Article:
Between the Shelves is a showcase of public domain stories of the type that Archive of the Odd publishes. We are not associated with the authors in any manner, and they are most likely dead.
This Between the Shelves is an example of the type of bestiary page we’re looking for for our second issue, which is themed around monsters. It was part of a series from Weird Tales called Folks Used to Believe, in which Alvin F. Harlow would describe the history of some classic monsters. This particular article is from 1927. The original can be found here. Hope you like semicolons!
For 2,000 years and more no fabulous animal was more universally accepted as really existing than the dragon in its various forms. The dragon which St. George, an early Christian hero, slew, was of the usual type—a thick, scaly body somewhat resembling a lizard’s, bat-like wings, four legs with clawed feet like an eagle’s, the body tapering into a tail which, like the tongue, had a sting in the end of it.
Even after 1700, a nature writer, though admitting that some doubted the existence of the dragon, said that there were “in Arabia Serpents called Sirenae, which have Wings; being very swift, running or flying, at Pleasure; and when they wound a Man, he dieth instantly. These are supposed to be a kind of Dragon… Dragons are also said to be bred in India and Africa; those of India are much the largest, being of incredible Length; and of these there are two Kinds, one living in the Marshes, which are slow of Pace and without Combs on their Heads; the other in the Mountains, which are bigger and have Combs. Some are of a yellow, fiery Colour; having sharp Backs, like Saws. These also have Beards. When they set up their Scales, they shine like Silver. The Apples of their Eyes are (as it is said) precious Stones, and bright as Fire, in which, it is affirmed, there is great Virtue against many Diseases. Their Aspect is very fierce and terrible… Some do affirm that the Dragon is a black Colour; the Belly somewhat green and very beautiful; that it has a triple Row of Teeth in each Jaw, and very bright, shining Eyes; that it has also two Dewlaps under the Chin, which hang down, of a red Colour.”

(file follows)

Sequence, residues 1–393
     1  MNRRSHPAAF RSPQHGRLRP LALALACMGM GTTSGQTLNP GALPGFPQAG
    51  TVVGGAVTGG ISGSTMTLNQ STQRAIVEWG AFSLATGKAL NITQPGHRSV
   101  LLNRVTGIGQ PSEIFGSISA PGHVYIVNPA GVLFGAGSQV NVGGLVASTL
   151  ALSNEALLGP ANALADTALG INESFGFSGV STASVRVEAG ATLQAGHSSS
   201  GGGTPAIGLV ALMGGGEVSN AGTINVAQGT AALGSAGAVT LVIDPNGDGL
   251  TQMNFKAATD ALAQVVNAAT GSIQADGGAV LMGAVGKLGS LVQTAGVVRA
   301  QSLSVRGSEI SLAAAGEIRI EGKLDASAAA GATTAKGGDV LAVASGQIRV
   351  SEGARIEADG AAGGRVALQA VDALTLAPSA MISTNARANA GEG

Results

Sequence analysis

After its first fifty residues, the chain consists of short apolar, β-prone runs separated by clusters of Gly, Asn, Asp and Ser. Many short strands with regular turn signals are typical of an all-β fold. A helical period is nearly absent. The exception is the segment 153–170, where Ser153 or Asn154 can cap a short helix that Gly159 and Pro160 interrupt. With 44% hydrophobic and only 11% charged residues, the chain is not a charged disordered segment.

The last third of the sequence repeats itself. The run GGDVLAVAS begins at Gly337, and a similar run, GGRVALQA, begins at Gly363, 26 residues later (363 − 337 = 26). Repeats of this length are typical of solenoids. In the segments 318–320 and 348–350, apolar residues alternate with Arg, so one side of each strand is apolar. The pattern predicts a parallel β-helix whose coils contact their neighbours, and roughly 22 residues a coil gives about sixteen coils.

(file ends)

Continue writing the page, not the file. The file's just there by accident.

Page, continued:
Pliny, the old Roman writer, tells of how dragons in India concealed themselves in trees and sprang down on elephants, fixing their teeth in the elephant’s neck and sucking its blood. The elephant’s blood, Pliny declared, is very cold, and was therefore much sought by the dragon in hot weather. One dragon could drink all the blood in an elephant’s body, but was made so stupid by it that when the elephant finally fell from weakness, the dragon was frequently crushed beneath its body.
Closely akin to the dragon was the griffin, whose head, shoulders, wings and forefeet resembled an eagle’s, while the body, hind legs and tail were a lion’s. Griffins were the monsters who guarded the deposits of gold in the mountains of Scythia in ancient times. The wyvern had a body and feet (only two) somewhat like an eagle’s, save with scales instead of feathers, bat wings, and the head and tail of a dragon. The hippogriff had four legs; the forepart and wings were those of a griffin, the rear half of the body was that of a horse. A famous magician named Atlantes did his traveling on the back of a hippogriff.